Friday, April 29, 2011

Symptoms of Sinusitis

Symptoms of acute, sub-acute and chronic sinusitis are same, but the symptoms of chronic disorder are milder. Symptoms last up to 4 weeks in the case of acute disorder, 4-12 weeks in sub-acute and more than 12 weeks in chronic. Acute sinusitis is more painful than chronic that is uncomforting. Signs of the disease vary from patient to patient. Some may experience a few of the following symptoms while others have all the symptoms.

Common Symptoms

• A continuous feeling of being unwell.

• Low level of energy causes tiredness and weakness.

• Ability to smell reduces or is completely lost.

• Bad breath

• Blocked, congested or stuffy nose. It may be thus difficult to distinguish between sinusitis and simple nasal congestion associated with common cold that lasts between seven and fourteen days. However, acute sinusitis lasts longer.



• Chills and fever

• Itch in nose and eyes

• Pain is a common sign of sinusitis. Pain will be in the forehead if frontal sinuses are affected. Inflamed maxillary sinuses cause pain in teeth, especially upper jaw. If ethmoid sinuses are infected, eyelids and tissues surrounding the eyes may swell. Pain between the eyes may also occur. Infection of sphenoid sinuses causes earaches, neck pain and head aches. The patient may feel pain in the face on using an elevator or while bending forward.

• Some times patients suffer from postnasal drip, mucus secretion from the nose to the throat’s back. Thick nasal discharge of greenish, yellowish or white color is characteristic to acute sinusitis. Some times, it is blood tinged. Discharge during chronic sinusitis is thin and clear.

• Frequent throat cleaning is required.

• Sneezing

• Stubborn cough that generally worsens at night.

Less common Symptoms

• Face becomes tender. Sinusitis adds fullness to the face.

• Hoarse voice because of postnasal drip.

• Loss of taste

Sore throat • Some times, ear pops. Area behind the ear becomes tender and swells.

Rare symptoms

Acute sinusitis rarely causes some serious problems, such as brain infection.

• Vomiting is also uncommon.

Thursday, April 28, 2011

Sinus

What is a Sinus?

Sinus is an air-filled cavity located behind cheeks, eyes and forehead in the cranial (skull) bones. A mucus membrane lines the sinus. The membrane has cells with very fine hairs, ciliated epithelium that pushes out the mucus from the cavity, enabling circulation of the air. The mucus traps pollutants, including dirt particles, found in the air that is inhaled. A healthy sinus is free from germs, including bacteria. Each cavity features an ostium, a channel opening into the nasal passages for easy exchange of mucus and air. The sinus grows into a walnut-size pocket from a pea-size space.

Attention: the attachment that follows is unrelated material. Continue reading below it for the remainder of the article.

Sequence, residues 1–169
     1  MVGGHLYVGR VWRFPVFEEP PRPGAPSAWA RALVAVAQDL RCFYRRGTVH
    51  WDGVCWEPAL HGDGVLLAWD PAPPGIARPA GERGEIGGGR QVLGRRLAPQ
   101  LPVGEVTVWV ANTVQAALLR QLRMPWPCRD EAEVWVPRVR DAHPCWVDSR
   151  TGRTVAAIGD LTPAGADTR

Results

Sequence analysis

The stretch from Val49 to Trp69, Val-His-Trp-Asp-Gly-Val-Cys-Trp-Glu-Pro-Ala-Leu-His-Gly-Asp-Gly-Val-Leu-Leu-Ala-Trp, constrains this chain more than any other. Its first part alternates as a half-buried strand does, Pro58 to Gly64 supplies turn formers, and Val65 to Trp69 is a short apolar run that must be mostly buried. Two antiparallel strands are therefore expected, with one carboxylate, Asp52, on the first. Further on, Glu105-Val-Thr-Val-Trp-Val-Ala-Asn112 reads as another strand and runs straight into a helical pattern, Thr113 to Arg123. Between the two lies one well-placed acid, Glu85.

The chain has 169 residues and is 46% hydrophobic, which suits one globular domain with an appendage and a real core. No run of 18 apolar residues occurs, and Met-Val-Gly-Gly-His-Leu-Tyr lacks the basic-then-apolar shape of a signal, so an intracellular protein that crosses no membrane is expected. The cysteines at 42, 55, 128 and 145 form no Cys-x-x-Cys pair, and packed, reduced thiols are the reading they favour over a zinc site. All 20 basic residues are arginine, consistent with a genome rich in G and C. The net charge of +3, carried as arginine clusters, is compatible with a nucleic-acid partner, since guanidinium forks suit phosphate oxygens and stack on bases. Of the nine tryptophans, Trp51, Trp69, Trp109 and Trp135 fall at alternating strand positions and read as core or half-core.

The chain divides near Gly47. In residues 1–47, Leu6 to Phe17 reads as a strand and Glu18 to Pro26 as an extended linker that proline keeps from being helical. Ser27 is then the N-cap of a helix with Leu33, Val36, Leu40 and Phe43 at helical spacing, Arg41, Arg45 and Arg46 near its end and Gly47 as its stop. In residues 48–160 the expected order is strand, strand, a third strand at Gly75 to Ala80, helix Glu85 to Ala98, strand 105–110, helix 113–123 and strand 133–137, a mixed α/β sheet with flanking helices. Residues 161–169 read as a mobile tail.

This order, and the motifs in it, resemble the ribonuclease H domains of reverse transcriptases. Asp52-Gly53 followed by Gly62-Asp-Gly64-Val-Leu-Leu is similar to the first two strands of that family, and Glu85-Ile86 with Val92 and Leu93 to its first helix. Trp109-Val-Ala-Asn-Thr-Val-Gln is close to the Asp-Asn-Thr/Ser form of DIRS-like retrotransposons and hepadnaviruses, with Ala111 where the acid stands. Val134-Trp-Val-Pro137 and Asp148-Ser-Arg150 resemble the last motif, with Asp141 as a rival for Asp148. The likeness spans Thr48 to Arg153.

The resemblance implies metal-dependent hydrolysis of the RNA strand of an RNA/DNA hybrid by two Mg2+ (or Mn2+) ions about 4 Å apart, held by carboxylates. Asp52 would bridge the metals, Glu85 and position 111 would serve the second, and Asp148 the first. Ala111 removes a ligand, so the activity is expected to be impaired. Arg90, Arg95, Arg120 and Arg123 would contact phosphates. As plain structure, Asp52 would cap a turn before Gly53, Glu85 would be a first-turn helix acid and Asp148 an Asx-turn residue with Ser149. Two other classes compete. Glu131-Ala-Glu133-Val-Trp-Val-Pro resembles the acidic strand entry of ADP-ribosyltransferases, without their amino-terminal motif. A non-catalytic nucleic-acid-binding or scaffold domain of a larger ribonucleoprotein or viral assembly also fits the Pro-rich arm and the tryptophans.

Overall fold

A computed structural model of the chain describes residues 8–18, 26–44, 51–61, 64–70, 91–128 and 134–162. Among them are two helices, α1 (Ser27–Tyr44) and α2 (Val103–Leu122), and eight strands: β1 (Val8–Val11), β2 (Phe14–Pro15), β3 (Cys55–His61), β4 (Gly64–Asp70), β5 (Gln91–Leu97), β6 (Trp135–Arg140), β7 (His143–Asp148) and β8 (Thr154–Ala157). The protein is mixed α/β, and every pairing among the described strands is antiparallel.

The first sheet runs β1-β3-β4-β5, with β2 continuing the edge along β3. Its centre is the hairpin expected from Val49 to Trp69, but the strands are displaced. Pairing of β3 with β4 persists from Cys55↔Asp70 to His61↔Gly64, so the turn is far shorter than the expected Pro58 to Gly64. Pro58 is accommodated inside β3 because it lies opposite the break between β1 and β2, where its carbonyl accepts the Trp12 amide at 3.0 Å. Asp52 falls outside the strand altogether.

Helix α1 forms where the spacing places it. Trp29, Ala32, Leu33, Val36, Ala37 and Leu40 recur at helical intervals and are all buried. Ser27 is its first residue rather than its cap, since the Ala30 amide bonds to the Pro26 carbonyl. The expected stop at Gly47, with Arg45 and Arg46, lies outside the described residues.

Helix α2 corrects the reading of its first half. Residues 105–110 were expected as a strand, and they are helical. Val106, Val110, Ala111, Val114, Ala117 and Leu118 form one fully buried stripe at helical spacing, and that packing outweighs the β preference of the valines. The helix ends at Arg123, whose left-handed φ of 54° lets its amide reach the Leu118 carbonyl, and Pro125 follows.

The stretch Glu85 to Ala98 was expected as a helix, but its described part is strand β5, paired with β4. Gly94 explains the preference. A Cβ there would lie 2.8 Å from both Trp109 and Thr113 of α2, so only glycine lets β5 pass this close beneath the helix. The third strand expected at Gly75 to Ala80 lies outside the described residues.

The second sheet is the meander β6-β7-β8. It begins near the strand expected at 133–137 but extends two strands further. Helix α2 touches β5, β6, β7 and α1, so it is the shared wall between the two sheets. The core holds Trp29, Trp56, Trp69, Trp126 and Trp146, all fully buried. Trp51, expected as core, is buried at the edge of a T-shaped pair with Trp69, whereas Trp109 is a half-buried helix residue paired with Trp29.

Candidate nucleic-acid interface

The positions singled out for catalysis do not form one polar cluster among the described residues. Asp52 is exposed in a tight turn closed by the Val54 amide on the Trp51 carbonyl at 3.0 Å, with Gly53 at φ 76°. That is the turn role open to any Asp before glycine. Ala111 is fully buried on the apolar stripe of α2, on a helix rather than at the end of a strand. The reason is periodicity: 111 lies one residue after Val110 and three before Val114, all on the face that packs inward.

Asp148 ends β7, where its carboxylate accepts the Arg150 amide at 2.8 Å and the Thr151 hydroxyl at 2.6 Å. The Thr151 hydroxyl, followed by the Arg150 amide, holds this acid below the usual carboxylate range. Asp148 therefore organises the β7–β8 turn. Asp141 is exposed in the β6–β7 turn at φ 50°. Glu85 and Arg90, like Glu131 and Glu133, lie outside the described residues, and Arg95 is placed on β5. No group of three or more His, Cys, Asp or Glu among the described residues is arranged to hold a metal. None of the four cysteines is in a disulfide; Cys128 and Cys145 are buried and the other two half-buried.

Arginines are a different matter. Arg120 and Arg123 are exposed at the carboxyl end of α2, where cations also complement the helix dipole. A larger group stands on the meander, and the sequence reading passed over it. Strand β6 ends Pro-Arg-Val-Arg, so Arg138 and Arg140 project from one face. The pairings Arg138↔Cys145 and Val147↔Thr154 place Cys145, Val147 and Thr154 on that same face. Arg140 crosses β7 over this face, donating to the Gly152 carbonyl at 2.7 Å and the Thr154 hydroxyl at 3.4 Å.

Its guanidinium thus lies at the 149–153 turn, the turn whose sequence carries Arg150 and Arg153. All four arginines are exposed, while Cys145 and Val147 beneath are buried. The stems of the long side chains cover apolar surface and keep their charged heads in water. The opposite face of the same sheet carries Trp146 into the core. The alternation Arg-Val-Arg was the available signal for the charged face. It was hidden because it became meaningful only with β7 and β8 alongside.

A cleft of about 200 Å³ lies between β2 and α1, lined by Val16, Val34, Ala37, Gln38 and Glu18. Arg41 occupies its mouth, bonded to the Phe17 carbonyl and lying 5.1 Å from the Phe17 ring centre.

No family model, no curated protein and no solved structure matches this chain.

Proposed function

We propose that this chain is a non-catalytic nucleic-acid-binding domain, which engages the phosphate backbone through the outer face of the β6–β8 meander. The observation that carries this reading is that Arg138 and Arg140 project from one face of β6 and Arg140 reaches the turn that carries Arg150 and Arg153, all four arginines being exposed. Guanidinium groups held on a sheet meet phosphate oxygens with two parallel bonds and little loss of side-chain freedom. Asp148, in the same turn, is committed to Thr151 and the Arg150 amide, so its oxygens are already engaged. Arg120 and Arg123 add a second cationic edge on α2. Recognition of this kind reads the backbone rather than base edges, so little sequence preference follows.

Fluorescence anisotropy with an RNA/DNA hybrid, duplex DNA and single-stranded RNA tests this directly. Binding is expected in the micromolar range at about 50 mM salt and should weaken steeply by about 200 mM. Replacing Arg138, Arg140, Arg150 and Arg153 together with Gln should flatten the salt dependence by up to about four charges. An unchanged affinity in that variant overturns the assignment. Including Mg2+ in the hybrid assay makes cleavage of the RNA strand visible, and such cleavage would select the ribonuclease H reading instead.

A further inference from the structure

Types of Sinus These cavities are found in pairs and also called “paranasal sinuses”. Ostia, a thin channel, connects the sinuses to the throat and nose. All sinuses are interconnected. Human skull features four pairs of sinuses: ethmoid, frontal, maxillary and sphenoid. The sinuses are named after the four skull bones in which they are located. The bones are referred to as the ethmoid, the frontal, the maxilla and the sphenoid.


The pyramidal ethmoid sinuses lie between the eyes, behind the nose bridge and at the nose root. All newborn babies have clearly demarked ethmoid that grows with age. The sinus cavities above the eyes in forehead are called frontal sinuses. The maxillary sinuses in cheekbones are located on the side of nostrils. The maxillary cavity, the largest sinus, develops before other sinuses. The cavity, generally filled with fluid at the time of birth, grows in two phases: up to three years of age and between seven and twelve years of age. The maxillary sinus resembles a pyramid in an adult. The sphenoid sinuses, situated behind the eyes and the ethmoid sinuses, are found deep in the skull. These cavities reach their full-size during adolescence. The ethmoid and maxillary sinuses are a birth feature whereas funnel shaped frontal develops at the age of five.

Functions of Sinuses Sinuses reduce skull weight, particularly weight of the facial bones. So, if the cavities are blocked, the head becomes heavy and drowsiness and tiredness occur during sinusitis.

Sinuses add resonance to the voice.

Sinuses warm, moisten and filter the air that we inhale and remove redundant air particles.

Sinuses produce mucus that protects against microbiologic organisms, pollutants, dirt and dust.

Sinuses may facilitate pressure damping and air conditioning.

Sinuses increase the olfactory area.

Sinuses insulate eyes, dental roots and other sensitive structures against quick temperature changes in the nasal cavity.